Those interested in legal and law systems may want to look into a career as a paralegal. An Associate of Arts (A.A.) degree can qualify individuals for a legal assistant or paralegal job at the courthouse, a private corporation, or law firm.
A.A. Programs in Paralegal: Legal Assistant
Students enrolled in a paralegal associate’s degree program are imparted fundamental knowledge on how to research cases, prepare legal documents and maintain communications with clients. Those who graduate from this two-year program are trained to seek entry-level jobs in the legal field. Legal assistant and paralegal students are taught about drafting and filing documents, helping lawyers prepare for trial and maintaining documentation. After they complete an associate degree program, students can expect to gain familiarity with court procedures, ethical issues, various laws and legal terminology. Admission criteria typically require applicants to hold a GED certificate or high school diploma.
Completion of program coursework is augmented through hands-on training on how to prepare legal documents. Students may also be expected to participate in seminars, internships or work-based learning experiences with local legal firms. Coursework may typically include topic areas such as:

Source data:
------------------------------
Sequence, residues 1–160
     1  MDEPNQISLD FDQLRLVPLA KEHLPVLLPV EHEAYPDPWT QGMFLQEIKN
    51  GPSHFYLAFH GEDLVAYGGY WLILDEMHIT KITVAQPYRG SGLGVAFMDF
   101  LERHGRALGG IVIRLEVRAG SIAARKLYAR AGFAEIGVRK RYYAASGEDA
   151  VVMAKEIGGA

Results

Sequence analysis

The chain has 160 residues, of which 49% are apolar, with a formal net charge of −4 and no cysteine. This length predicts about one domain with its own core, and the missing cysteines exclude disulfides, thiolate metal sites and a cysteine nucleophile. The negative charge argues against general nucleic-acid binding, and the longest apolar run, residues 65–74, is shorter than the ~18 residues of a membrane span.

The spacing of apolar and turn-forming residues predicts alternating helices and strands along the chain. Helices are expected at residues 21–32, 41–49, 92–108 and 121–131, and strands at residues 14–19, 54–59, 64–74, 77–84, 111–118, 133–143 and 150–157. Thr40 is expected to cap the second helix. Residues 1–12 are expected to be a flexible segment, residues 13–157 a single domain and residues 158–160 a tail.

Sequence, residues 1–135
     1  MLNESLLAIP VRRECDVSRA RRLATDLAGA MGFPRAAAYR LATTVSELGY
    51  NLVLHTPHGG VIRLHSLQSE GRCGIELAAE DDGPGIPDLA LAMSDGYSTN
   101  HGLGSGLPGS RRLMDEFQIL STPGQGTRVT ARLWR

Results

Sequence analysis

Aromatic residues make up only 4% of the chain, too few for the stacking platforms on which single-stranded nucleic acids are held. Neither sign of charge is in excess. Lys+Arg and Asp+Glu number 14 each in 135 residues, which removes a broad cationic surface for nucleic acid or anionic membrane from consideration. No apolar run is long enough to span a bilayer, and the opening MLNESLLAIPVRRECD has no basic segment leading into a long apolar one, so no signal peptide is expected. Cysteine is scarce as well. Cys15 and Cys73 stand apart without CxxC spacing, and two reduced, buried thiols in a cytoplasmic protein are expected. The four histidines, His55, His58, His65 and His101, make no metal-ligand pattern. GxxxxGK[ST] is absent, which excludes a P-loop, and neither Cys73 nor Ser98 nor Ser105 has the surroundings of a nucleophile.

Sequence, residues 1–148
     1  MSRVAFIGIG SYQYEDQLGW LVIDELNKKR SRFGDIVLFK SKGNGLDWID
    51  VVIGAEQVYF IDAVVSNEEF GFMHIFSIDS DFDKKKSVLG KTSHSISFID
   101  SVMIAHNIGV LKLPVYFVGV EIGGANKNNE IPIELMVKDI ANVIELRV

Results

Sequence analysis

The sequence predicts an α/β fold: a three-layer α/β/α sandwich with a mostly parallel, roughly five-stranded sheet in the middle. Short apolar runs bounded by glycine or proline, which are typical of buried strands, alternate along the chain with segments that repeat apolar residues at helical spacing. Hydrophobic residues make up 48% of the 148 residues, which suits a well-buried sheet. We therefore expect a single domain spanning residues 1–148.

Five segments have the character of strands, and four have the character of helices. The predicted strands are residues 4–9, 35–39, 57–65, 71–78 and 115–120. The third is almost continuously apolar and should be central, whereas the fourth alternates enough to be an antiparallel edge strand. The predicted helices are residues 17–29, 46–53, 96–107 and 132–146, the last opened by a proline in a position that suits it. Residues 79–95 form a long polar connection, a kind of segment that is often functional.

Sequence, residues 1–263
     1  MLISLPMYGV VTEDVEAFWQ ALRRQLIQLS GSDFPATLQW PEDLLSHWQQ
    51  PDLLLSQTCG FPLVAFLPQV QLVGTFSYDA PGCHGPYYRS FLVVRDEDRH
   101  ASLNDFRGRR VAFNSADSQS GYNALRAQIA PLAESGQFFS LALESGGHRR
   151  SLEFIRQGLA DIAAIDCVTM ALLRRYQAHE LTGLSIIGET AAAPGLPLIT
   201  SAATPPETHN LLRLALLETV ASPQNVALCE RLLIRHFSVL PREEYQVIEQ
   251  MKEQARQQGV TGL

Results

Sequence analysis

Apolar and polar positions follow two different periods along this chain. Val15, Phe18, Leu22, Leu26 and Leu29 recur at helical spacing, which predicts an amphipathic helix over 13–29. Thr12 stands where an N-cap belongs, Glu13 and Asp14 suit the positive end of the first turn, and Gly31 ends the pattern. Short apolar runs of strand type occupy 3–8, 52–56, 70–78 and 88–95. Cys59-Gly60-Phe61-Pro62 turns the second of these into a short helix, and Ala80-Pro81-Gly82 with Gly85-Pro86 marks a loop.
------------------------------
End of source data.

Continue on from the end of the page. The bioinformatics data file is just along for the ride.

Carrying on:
•Tort law procedures
Job and Wage Outlook
A faster-than-average job growth rate of 28% has been predicted for the paralegal field during the decade from 2008 to 2018 (source: U.S. Bureau of Labor Statistics (BLS)). In 2010, these professionals earned an average annual wage of $46,680 (BLS).
Certification and Continuing Education Choices
Although it is not insisted on by hirers, certification could prove beneficial to paralegals when they seek jobs or promotions. Those whom complete paralegal programs can acquire certifications from various organizations; to qualify for certification, they would have to pass an exam and satisfy experience and education norms. For instance, the Certified Legal Assistant (CLA) and Certified Paralegal (CP) credentials are offered by the National Association of Legal Assistants (NALA) to professionals who have formal education in paralegal studies and who pass a five-part exam.
Paralegals can also continue to seek education options at the bachelor’s and master’s degree levels by enrolling into programs in legal or paralegal studies. By earning a bachelor’s degree, a legal assistant could obtain additional certification, including the Registered Paralegal credential offered by the National Federation of Paralegal Associations.